President Trump signs legislation extending FAST Act for another year

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Road Construction
The Fixing America’s Surface Transportation (FAST) Act, with an additional $13.6 billion added to the nation’s Highway Trust Fund, was extended by President Donald Trump on Oct. 1 and is now set to expire Sept. 30, 2021.

WASHINGTON — President Donald Trump, upon the recommendation of Congress, has taken steps to preserve the nation’s infrastructure and ensure the maintenance and repairs of the roads traveled by truck drivers every day.

On Thursday, Oct. 1 — the beginning of fiscal year 2021 — Trump signed into law the Continuing Appropriations Act, 2021 and Other Extensions Act (H.R. 8337), which provides fiscal-year 2021 appropriations to federal agencies through Dec. 11, 2020, for “continuing projects and activities of the federal government.”

After clearing the House of Representatives on Sept. 22 with a vote of 359 to 59, with one member voting “present,” H.R. 8337 moved on to the Senate, where it was passed Sept. 30 by a vote of 84 to 10.

Of primary interest to those in the trucking industry is the one-year extension of the Fixing America’s Surface Transportation (FAST) Act, with an additional $13.6 billion added to the nation’s Highway Trust Fund. The act is now set to expire Sept. 30, 2021.

The FAST Act initially signed into law Dec. 4, 2015, by President Barack Obama and administered by the U.S. Department of Transportation’s (DOT) Federal Highway Administration (FHWA), was set to expire Sept. 30, 2020. The act ensures long-term funding for surface-transportation programs, and allotted more than $305 billion in federal aid for fiscal years 2016 through 2020.

In a nutshell, the FAST Act is designed to improve mobility on America’s highways through the funding of transportation projects “to ease congestion and facilitate the movement of freight on the Interstate System and other major roads,” according to FHWA.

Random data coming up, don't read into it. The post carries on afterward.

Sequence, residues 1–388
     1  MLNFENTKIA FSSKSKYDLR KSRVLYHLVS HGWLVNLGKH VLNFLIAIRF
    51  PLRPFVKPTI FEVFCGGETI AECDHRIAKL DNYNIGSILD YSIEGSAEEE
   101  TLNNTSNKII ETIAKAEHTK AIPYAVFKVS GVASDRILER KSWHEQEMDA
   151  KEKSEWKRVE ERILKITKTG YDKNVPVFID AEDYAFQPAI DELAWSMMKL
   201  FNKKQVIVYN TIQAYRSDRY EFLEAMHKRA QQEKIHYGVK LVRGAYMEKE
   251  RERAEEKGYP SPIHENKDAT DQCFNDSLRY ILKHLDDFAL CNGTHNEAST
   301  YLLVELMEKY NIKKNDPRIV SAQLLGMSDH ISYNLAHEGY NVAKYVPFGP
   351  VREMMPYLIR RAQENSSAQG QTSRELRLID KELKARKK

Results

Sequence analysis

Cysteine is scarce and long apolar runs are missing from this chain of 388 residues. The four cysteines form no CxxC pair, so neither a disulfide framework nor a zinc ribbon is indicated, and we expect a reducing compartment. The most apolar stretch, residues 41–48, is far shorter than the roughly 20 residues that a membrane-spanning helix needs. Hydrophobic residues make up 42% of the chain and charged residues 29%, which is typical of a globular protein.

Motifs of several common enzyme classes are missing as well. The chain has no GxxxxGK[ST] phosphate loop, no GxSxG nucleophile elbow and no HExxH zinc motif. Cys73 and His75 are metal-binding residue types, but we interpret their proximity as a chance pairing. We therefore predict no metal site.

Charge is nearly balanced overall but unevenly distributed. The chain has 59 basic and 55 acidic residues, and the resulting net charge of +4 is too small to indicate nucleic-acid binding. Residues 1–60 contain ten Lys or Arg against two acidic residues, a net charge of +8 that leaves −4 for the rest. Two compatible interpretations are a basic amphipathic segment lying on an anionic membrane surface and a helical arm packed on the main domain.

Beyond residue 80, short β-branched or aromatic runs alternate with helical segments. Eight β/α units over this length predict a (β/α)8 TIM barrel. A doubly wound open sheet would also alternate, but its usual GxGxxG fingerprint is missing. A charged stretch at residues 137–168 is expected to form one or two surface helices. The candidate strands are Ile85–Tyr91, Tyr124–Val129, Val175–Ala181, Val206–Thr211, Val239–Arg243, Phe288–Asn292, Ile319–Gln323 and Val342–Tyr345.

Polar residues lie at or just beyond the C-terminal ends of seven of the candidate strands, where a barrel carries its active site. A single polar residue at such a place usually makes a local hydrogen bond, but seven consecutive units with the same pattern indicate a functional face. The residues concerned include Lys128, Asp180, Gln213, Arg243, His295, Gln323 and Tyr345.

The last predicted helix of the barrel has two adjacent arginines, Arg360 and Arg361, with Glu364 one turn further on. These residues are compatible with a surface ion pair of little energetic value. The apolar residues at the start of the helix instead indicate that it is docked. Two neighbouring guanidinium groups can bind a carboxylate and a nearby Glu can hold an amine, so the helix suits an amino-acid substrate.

The Owner-Operator Independent Drivers Association (OOIDA) was quick to commend the passage of the legislation, but stressed “there is still a great deal of work to be done for the trucking industry” in an Oct. 1 statement.

“We are nevertheless concerned about the continued push for changes that harm small-business truckers,” said Lewie Pugh, executive vice president of OOIDA. “Efforts to increase insurance minimums will be vigorously challenged, and we are determined to see the shortage of safe truck parking addressed as part of a final, long-term reauthorization bill.”

The American Association of State Highway and Transportation Officials (AASHTO) also lauded the signing of H.R. 8337.

“We are pleased that Congress approved the $13.6 billion transfer to the Highway Trust Fund and that states will have certainty for planning their 2021 programs, knowing the current surface transportation legislation remains in place for another year,” said Jim Tymon, AASHTO’s executive director, in an Oct. 1 article in the AASHTO Journal. “We look forward to working with Congress and committee staff on a reauthorization that will address the challenges facing surface transportation, including the need for a long-term fix for the Highway Trust Fund.”